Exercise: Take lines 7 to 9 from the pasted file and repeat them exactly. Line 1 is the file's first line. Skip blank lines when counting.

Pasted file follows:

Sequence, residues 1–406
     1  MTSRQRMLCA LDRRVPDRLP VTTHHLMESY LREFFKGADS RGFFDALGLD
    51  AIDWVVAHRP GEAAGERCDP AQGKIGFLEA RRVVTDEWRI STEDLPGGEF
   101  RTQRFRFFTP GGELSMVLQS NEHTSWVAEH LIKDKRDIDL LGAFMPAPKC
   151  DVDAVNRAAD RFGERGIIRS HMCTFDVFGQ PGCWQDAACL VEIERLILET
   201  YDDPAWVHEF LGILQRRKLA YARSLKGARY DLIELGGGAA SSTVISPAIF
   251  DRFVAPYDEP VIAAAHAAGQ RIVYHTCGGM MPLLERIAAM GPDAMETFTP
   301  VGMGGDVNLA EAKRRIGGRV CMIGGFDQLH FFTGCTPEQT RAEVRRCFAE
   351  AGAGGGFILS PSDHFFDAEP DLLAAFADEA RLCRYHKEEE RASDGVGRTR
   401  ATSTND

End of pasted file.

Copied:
   251  DRFVAPYDEP VIAAAHAAGQ RIVYHTCGGM MPLLERIAAM GPDAMETFTP
   301  VGMGGDVNLA EAKRRIGGRV CMIGGFDQLH FFTGCTPEQT RAEVRRCFAE
   351  AGAGGGFILS PSDHFFDAEP DLLAAFADEA RLCRYHKEEE RASDGVGRTR